Dr. Brower began restoring and placing implants in 1997 and continues to be heavily involved in the forefront of implant therapy in the U.S. He has placed and restored over 8,000 dental implants since 1997 and helped develop two independent dental implant lines for manufacturers. He teaches live surgery courses in his offices with doctors coming from all over the world to see him perform live surgery multiple times per year.
Dr. Brower can also be seen at the University of South Dakota Chemistry department website giving a lecture on organic chemistry where he helps develop new kinds of dental products to help prevent and restore cavities.
He has lectured and taught dental implantology internationally and been a keynote speaker at the University of California San Diego where he was filmed for international training of other dentists. His implant videos can be see on the dentinal tubules network which is the largest depository of dental knowledge on the planet.
Dr. Brower is faculty for the International Academy of Dental Implants and a featured keynote speaker in China where implant dentistry is fast becoming something every dental practitioner there performs.
He also teaches orthodontics (braces) and publishes/lectures for the American Orthodontic Society. He runs dental forums for orthodontics and dental implants and moderates the conversations of hundreds of dentists every day.
He is an American Dental Association accredited and approved continuing education lecturer, and has continuing education available through www.dentaltown.com which is the worlds largest gathering of dentists on the current state of implant prosthetics in the 21st century.
He is licensed in South Dakota, Nebraska, California, and maintains an active sedation permit in South Dakota. All of his licenses and permits have always been and continue to be in good standing. Dr. Brower has performed legal defense of dentists who place dental implants on multiple occasions and is available for expert opinions.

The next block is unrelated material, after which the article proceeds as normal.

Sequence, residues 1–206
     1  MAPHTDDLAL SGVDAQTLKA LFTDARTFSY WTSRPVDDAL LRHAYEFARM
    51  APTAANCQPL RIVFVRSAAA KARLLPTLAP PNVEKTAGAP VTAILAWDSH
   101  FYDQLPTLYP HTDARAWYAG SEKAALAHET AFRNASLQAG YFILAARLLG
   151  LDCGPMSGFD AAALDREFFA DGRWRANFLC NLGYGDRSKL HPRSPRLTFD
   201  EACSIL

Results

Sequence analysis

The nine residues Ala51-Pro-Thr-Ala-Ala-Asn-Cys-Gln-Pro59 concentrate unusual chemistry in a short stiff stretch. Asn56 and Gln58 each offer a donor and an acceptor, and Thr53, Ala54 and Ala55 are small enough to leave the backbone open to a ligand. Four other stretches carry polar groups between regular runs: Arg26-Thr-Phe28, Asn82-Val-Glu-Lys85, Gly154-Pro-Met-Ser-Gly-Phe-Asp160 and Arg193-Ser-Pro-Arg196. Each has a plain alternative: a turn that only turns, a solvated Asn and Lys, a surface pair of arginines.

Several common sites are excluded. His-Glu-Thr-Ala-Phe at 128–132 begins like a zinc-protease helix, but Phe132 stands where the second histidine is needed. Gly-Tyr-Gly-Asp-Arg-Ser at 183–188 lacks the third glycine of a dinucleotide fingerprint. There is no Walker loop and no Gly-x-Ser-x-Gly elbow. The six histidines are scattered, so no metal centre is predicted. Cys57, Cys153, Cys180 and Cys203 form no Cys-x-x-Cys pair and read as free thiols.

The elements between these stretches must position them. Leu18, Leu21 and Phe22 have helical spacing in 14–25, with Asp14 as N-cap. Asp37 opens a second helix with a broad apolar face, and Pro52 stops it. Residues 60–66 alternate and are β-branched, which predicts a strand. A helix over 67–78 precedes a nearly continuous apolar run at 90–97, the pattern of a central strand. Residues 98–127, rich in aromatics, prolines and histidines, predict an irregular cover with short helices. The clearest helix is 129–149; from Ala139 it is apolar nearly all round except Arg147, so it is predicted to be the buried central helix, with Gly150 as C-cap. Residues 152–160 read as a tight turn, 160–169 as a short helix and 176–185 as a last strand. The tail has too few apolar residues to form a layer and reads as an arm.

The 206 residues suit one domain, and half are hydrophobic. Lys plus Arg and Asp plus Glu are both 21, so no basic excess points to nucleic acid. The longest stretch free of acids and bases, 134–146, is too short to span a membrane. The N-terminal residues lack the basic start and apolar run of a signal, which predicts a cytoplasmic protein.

He also maintains active membership in the South Dakota Dental Association, American Dental Association, International Association of Orthodontics, American Orthodontic’s Society, and is a founding member of the American Academy of Small Diameter Implants where he holds Mastership status and the International Academy of Mini Dental Implants where he holds Mastership status. He is also a Diplomate of the International Academy of Dental Implants and course teacher. Dr. Brower has 4 children.
The Dental Implant Procedure
Today’s dental implants are virtually indistinguishable from other teeth. This appearance is aided in part by the structural and functional connection between the dental implant and the living bone. Implants are typically placed in a single sitting but require a period of osseointegration.
Osseointegration is the process by which direct anchorage of a dental implant root and the bone of the jaw occurs. Osseointegrated implants are the most commonly used and successful type of dental implant. An osseointegrated implant takes anywhere from three to six months to anchor and heal, at which point your dentist can complete the procedure with the placement of a crown. Once the implant has anchored with the jawbone, artificial prosthesis may be attached and the process is done. If osseointegration does not occur, the implant will fail.
Detailed procedural steps are as follows:
Preparing the Jaw for Implantation: A dental implant is commonly composed of a titanium material screw and a crown. A small-diameter hole (pilot hole) is drilled at edentulous (where there is no tooth) jaw sites in order to guide the titanium screw that holds a dental implant in place. To avoid damaging vital jaw and face structures like the inferior alveolar nerve in the mandible (lower jaw), a dentist must use great skill and expertise when boring the pilot hole and sizing the jaw bone.
Placement of the Implant: After the initial pilot hole has been drilled into the appropriate jaw site, it is slowly widened to allow for placement of the implant screw. Following this placement, a protective cover screw is placed on top to allow the implant site to heal and the dental implant to anchor (osseointegration). After several months, the protective cover is removed and a temporary crown is placed on top of the dental implant. The temporary crown serves as a template around which the gum grows and shapes itself in a natural way. The process is completed when the temporary crown is replaced with a permanent crown.